Older, timid patients who survive cancer urge other cancer patients to become bolder advocates for their own care, according to a study published in the Journal of American Geriatric Society (2009; 57[S2]:s269-s271).
Eva Kahana, PhD, and colleagues from the Elderly Care Research Center at Case Western Reserve conducted a longitudinal study to determine what older people do to weather chronic illnesses and frailties in their later years, as well as what they do to age successfully.
The study involved cancer survivors who underwent in-depth interviews about their cancer experience during the 17th year of the study. Participants were on average 79 years old, and the majority of them were married women.
Researchers found that although participants had not been advocates for themselves, later in life they became advocates for others. Dr Kahana reported that survivors suggested their peers with cancer get second opinions, check their physician’s background, maintain a positive mental attitude, join support groups, and learn more about treatment options before taking their doctor’s advice. Very few of these individuals, however, had actually practiced these strategies during their own illness. Instead, they coped by relying on physicians and family members.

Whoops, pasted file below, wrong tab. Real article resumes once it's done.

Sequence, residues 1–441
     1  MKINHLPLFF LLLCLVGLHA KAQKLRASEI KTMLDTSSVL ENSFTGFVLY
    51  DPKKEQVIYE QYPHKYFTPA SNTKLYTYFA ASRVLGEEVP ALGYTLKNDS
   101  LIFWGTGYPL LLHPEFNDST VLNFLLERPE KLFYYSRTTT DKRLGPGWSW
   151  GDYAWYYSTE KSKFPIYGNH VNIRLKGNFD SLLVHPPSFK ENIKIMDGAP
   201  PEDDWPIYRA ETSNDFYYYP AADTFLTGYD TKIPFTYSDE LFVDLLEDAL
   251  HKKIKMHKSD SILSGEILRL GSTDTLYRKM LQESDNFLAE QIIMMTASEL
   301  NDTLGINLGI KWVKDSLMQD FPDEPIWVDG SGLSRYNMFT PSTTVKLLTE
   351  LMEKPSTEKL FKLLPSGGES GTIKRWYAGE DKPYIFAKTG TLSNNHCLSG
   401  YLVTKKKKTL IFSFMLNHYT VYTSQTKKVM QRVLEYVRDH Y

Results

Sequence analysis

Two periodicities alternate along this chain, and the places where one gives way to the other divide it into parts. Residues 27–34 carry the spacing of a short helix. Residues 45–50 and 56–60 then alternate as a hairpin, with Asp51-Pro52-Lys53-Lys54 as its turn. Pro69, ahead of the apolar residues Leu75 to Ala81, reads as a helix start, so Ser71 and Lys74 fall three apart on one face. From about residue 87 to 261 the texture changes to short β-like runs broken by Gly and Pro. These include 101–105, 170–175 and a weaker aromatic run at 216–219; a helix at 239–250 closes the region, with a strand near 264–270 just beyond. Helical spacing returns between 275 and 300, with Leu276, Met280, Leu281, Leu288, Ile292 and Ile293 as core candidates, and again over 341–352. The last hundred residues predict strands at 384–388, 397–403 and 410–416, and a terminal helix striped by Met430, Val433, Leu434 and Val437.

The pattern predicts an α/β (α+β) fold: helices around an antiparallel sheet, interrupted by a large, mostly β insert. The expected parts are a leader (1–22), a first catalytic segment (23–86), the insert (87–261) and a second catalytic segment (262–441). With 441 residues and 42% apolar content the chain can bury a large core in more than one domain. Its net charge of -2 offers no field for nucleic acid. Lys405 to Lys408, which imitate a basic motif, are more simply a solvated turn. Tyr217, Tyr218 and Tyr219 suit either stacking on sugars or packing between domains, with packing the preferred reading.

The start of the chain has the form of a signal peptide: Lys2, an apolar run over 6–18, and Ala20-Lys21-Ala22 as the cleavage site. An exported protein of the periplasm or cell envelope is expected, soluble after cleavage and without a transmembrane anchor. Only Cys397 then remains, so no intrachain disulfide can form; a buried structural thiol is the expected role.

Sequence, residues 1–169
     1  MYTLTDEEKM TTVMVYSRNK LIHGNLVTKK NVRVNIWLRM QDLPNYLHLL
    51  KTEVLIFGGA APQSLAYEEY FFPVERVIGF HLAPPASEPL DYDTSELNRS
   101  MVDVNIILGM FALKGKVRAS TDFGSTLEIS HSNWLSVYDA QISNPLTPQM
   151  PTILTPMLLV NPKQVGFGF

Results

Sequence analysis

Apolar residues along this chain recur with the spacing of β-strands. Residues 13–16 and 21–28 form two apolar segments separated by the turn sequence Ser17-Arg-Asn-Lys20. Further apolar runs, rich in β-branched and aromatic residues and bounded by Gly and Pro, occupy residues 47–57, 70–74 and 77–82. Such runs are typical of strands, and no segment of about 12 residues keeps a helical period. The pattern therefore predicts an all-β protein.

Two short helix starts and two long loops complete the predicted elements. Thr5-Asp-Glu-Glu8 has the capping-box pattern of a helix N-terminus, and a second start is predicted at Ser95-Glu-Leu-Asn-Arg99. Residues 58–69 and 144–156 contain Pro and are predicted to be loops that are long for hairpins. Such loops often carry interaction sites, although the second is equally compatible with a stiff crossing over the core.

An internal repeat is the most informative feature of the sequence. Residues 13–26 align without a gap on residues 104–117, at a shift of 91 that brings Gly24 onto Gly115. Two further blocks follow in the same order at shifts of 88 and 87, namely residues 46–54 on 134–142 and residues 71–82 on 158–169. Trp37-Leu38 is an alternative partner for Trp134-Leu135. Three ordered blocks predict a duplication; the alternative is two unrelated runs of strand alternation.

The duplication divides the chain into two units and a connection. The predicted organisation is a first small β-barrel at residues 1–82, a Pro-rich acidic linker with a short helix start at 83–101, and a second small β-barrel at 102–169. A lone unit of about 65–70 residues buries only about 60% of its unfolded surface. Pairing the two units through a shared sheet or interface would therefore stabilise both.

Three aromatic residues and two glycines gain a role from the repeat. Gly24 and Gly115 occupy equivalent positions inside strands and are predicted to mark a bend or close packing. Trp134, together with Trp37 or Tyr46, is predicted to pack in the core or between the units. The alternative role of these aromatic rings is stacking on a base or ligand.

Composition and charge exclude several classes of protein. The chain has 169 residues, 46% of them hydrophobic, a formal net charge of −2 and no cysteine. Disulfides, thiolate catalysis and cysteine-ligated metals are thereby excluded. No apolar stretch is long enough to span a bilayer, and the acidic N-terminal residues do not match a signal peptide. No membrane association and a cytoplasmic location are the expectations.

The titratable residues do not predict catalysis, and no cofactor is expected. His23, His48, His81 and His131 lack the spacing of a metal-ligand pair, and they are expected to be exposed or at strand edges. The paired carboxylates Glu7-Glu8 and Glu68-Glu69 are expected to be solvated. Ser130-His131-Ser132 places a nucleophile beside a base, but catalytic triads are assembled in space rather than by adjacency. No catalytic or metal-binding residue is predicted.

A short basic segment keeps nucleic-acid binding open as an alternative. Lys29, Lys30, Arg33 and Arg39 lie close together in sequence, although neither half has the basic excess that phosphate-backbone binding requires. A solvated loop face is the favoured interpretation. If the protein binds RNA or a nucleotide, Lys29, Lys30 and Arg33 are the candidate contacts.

The researchers suggest that contrary to the common notion of a uninterested or disempowered elderly patient, “a transition may be occurring [in this group] from passive to a more active or even activist orientation due to the illness experience.” ONA